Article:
By DONITA PAINTER and PETE PICHASKE
Journal staff writers
For the past 25 years, a golden angel, perched high on the white towers of the Washington, D.C., Temple of the Church of Jesus Christ of Latter-day Saints, has hailed Capital Beltway drivers rounding the curves between Connecticut and Georgia avenues.
And in that quarter-century, the majestic, castle-like building - the first Mormon temple east of the Mississippi River and the third largest in the world - has become a landmark, not only for Montgomery County but for the entire metropolitan area.
``I really believe it has," said David Salisbury, director of the temple visitors' center. ``I think it's gained a permanence."
He recalled how a prominent local architectural critic panned the temple in print when it opened in 1974 - then publicly ate his words 20 years later, hailing the building as an institution.
``If you listen to the traffic news, it's kind of like a major intersection," said Salisbury.
It was also, of course, an inspiration for the graffitist who years ago scrawled ``Surrender, Dorothy" on a Beltway bridge within sight of the soaring temple.
Last month, about 600 church members, commonly called Mormons, celebrated the Kensington temple's 25th anniversary with a ceremony that featured the Mormon Choir of Washington, D.C., and a historical review of the temple.
About 600 members attended, according to Sterling D. Colton, who began official duties as temple president last week. Some 6,000 Mormons live in Montgomery County.
The temple is something of an anomaly: visible to millions every day, but an inaccessible mystery to most.
Last December, 250,000 visitors attended the temple's popular annual Festival of Lights at the visitors' center, and before the temple was dedicated 25 years ago, more than 750,000 people toured the facility, wearing out the rug in the main annex.
But like other Mormon temples, the local temple has been off-limits to non-Mormons - and even some Mormons - since the dedication.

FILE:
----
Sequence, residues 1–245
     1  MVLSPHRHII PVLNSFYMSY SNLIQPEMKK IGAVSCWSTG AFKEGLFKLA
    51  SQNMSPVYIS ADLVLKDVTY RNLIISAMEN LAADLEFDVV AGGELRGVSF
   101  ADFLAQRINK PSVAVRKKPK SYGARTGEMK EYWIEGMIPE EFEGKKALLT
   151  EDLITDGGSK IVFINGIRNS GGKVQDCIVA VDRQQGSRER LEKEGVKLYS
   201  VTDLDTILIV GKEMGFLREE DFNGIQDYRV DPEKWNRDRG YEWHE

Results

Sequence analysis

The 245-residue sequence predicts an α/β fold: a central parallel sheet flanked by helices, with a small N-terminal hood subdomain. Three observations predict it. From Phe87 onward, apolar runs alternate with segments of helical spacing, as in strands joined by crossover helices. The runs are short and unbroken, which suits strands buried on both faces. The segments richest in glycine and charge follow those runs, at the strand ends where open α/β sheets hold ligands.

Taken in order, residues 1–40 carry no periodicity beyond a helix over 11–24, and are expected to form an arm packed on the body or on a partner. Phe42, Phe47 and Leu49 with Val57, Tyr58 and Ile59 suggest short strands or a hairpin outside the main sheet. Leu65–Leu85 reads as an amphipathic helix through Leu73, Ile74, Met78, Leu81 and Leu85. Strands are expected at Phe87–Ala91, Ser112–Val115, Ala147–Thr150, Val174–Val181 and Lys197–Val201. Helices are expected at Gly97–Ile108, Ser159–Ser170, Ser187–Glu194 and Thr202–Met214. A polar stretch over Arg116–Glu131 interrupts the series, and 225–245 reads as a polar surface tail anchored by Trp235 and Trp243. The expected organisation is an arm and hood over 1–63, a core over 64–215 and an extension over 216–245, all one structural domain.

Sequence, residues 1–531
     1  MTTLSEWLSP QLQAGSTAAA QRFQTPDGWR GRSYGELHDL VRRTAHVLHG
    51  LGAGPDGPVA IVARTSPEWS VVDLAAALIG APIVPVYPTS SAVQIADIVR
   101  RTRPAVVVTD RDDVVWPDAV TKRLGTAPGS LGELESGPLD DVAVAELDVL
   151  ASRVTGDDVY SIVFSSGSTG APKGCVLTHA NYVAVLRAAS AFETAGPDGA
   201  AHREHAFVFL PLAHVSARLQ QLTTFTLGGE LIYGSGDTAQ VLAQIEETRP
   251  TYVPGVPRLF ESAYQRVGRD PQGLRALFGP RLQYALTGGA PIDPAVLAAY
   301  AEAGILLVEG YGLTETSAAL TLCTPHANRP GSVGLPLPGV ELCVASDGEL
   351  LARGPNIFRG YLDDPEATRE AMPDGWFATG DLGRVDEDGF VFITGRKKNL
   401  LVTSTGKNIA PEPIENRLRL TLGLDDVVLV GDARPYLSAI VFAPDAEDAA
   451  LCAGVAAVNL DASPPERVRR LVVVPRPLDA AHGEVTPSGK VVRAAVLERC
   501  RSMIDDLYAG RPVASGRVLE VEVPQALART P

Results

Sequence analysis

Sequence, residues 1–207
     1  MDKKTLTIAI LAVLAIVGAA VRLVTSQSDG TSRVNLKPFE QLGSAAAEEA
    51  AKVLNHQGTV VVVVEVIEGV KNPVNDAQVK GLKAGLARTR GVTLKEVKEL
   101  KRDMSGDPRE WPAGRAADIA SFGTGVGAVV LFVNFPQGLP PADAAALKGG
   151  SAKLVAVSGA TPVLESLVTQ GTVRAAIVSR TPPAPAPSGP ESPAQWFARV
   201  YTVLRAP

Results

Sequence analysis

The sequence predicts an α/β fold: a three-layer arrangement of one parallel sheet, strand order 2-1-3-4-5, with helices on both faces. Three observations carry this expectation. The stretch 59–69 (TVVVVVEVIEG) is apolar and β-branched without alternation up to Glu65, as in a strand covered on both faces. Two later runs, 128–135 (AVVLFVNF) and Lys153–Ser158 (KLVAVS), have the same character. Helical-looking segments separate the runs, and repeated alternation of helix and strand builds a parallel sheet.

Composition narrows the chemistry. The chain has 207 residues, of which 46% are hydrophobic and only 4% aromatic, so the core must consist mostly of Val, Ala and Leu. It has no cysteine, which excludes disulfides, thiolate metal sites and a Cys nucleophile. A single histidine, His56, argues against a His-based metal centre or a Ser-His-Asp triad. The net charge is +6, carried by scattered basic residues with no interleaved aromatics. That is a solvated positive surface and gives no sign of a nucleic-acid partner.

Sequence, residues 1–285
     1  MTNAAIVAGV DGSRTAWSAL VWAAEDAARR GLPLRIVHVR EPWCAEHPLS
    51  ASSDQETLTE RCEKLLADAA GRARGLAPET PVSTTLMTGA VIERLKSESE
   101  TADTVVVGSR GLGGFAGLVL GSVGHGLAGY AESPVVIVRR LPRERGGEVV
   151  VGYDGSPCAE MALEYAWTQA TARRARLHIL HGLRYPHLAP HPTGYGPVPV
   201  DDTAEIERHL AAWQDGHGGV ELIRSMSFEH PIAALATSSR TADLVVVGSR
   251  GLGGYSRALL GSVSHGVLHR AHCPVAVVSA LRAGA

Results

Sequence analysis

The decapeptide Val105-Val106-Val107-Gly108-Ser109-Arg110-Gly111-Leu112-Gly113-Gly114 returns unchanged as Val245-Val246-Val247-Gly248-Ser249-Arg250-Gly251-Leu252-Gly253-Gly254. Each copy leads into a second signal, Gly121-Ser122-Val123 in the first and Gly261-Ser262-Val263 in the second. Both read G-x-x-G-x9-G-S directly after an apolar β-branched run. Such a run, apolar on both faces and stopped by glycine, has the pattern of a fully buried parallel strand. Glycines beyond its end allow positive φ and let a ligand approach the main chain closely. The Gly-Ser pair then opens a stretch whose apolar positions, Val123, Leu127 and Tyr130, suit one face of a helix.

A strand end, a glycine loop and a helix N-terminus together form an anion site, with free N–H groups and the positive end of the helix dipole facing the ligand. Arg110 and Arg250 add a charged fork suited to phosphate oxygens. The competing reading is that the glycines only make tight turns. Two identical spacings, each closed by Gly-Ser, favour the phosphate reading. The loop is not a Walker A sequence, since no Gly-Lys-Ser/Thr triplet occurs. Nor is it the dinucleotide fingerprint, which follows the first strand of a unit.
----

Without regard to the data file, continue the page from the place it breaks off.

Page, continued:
``We believe this is God's house and no unclean person or thing should enter the house once it has been dedicated," said Colton.
Church members, said Salisbury, must be deemed ``worthy" before they can enter the temple.
But even at the distance most local residents must see it from, the temple is an impressive sight.
Dedicated Nov. 19, 1974, after six years of construction, the temple has 294 rooms. It is covered with 173,000 square feet of Alabama white marble, and its spires are layered in gold.
An 18-foot, gold-layered statue of an angel holding the Book of Mormon and a trumpet to its lips symbolizes the Gospel's return to Earth in the 19th century shortly before the denomination was organized in 1830, according to a temple fact sheet.
The Washington temple served a 300,000-member district from the eastern United States and Canada, Columbia, Ecuador and Venezuela - including 21,000 from the D.C. metropolitan area - after it was built. The district area shrank as additional temples were built, but the D.C. temple still serves 237,396 people from North Carolina to Maine, including more than 50,000 in the metropolitan area.
For Mormons the temple is integral to their faith, as it connects them and their ancestors to God for eternity.
``The temple symbolizes our eternal life," said Charlotte Ferguson, a Burtonsville Mormon who said she usually visits the temple at least once a month. ``Our life isn't just the end; we have a chance to live after this life to be with our families."
Temples are critical to the Mormon faith since they are the only places where marriages can be sealed for eternity and members can be baptized on behalf of their ancestors in rituals called ordinances, said Colton.
``Without the temple, and the ordinances that are performed here, we will not be able to return and live in the presence of our father who lives in heaven," he said.
Since the temple opened, 38,520 marriages and sealing ceremonies - rituals to confirm marriages that occurred outside the temple - have been held, said Megan Jones, public affairs specialist for the Washington LDS district.
In its 25 years, the temple has received three landscaping awards, including a Keep Montgomery County Beautiful award in 1989, said Jane Dumont, public information director of the visitors center.
Internationally, Mormon temples have increased with the number of followers. Since the first Mormon temple was built in 1836 in Kirtland, Ohio, 68 temples have been built worldwide to serve the denomination's 10 million members, said Dumont.
At least 40 additional smaller temples are to be dedicated in the next year, including one in Raleigh, N.C, she said.
The local temple has undergone two renovations. In 1990, carpeting and wall furnishings were replaced. In 1994, 20 years after it was built, $2 million in exterior renovations were needed, including replacing loose and cracked marble slabs.
The temple has gone through a few other changes over the years as well, including a name alternation. Previously called the Washington Temple, D.C. was added so it wouldn't be confused with temples elsewhere, said Jones.
Round the clock hours Thursday through Saturday were also added last year to the temple's normal Tuesday through Saturday day and evening hours for those traveling long distances, said Jones.